“THERE’S NO REASON why this can’t be a destination restaurant,” says James Beard Award-winning chef Ann Kim. “Whilma could put Searcy, Arkansas, on the map with her restaurant.” It’s a scene from a Season 4 episode of Small Business Revolution, the online television series that takes brink-of-blight small towns and, with the help of experts and $500,000, restores and rehabilitates them. In February 2019, Searcy beat out 12,000 other communities from across the nation to star in the series.
The episode focuses on the rebranding and restructuring of Whilma’s Filipino Restaurant, owned and operated by Whilma Frogoso, whose family immigrated to the United States in the mid-2000s. Arriving with little more than their suitcases, Whilma began working at the local Walmart. Five years later, another Filipino immigrant gave Whilma the chance to open her own restaurant and has been feeding the residents of Searcy since 2009. Unfortunately, as no one in the family had experience in the restaurant industry, Whilma’s sputtered, barely managing to survive the summers when hungry college students, its primary customers, were in short supply. Enter Small Business Revolution with a team of designers, cooks, and business consultants, and Whilma and her restaurant were primed for success.
When I first heard Whilma’s story, I was, of course, curious. Who was she? What was she doing in Searcy? But then, after Small Business Revolution aired and answered those questions, I had to ask myself what Filipino food actually is.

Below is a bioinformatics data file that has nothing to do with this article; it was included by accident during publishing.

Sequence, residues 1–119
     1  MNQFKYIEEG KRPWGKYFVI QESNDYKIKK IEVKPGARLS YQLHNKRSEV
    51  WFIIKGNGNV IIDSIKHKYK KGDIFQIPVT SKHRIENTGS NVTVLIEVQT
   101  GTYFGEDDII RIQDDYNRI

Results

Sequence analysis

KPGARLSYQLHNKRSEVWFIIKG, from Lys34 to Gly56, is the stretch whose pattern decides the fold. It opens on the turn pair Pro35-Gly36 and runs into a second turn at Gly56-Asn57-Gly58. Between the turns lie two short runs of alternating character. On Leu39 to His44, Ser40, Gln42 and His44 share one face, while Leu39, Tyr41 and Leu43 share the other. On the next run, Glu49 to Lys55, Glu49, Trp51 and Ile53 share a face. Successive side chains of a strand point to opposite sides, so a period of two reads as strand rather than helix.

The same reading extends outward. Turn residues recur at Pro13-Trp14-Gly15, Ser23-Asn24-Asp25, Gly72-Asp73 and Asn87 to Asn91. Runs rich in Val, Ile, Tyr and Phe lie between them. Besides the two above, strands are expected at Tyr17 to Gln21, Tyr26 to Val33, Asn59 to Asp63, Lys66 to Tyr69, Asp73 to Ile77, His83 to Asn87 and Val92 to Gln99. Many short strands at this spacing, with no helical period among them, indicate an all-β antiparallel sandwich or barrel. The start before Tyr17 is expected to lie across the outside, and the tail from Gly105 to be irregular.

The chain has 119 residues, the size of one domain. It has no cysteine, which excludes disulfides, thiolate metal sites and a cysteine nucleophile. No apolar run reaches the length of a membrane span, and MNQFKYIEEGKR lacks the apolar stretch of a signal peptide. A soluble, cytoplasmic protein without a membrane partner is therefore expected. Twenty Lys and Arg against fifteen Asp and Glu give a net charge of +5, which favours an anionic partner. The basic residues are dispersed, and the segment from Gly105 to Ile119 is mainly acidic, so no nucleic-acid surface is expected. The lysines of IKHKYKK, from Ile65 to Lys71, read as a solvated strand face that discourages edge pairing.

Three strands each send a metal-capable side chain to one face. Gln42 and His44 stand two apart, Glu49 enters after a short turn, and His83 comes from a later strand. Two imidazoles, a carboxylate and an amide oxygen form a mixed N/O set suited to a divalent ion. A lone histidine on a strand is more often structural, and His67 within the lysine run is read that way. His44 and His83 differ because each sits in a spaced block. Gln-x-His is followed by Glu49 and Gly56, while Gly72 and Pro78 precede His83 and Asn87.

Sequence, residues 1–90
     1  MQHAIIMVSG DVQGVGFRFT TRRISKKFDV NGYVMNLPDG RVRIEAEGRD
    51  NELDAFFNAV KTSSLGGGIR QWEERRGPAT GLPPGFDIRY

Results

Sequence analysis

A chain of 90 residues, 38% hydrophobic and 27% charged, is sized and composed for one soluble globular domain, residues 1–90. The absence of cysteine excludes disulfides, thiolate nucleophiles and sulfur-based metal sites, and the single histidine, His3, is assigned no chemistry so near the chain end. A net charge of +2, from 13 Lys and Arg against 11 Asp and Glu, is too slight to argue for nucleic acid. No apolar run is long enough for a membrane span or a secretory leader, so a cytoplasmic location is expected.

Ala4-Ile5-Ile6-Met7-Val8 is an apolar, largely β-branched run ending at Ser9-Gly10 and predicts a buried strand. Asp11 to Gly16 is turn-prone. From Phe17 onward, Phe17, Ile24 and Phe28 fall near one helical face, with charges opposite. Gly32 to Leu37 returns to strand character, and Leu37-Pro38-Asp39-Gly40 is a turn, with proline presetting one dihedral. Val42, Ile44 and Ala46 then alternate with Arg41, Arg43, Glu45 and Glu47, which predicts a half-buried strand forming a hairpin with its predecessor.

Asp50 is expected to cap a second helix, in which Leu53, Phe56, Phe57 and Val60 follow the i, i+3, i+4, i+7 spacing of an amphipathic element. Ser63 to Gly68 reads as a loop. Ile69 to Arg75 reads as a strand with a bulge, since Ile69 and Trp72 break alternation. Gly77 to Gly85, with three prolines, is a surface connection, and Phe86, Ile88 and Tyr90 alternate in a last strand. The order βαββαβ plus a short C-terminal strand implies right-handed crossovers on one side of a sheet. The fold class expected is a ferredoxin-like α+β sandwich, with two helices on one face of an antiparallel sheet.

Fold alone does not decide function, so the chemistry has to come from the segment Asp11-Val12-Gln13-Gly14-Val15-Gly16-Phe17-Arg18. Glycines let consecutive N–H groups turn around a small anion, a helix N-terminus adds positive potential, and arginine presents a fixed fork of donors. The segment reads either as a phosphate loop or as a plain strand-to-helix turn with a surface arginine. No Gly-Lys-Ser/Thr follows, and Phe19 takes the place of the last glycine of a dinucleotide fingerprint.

The key to understanding the what of Filipino food is understanding the why of Filipino food and of the Philippines itself. The Philippines, as a nation, is split into 18 regions and 81 provinces, all spread across some 7,600 islands in the Pacific Ocean. The nation of 100 million has a long culinary history, one that weathered and was shaped by a history of repeated colonization. It’s possible to trace out a rough history of the Philippines on a plate, ingredients and influences from the nations that have ruled over it combining spoonful by spoonful. Indigenous island flavors are at once marred and built up by the country’s conquerors: the Spanish, the Chinese, the Japanese and the tsunami of American taste.
But the geopolitics of her food isn’t what Whilma is here for. “I don’t like to be well-known,” she says in another scene from the episode, brushing her dark hair back behind her ear. She presents her version of her country in a wistful, whimsical dining room, wrapping her guests in a sherbet shade of green as if diners had sat down at the edge of any of her homeland’s uncountable beaches.
It’s another mark of the show—the dining room. Transformed from the gingham red-and-white table cloths to a sleeker, shinier version of itself, the restaurant’s branding has changed as well. Vibrant shades of red, gold and green jump out from the restaurant’s menu, website and facade. They aim to hearken back to the Philippines, but they just as loudly speak as a reminder that what happens inside these walls is a far cry from what you might expect in downtown Searcy.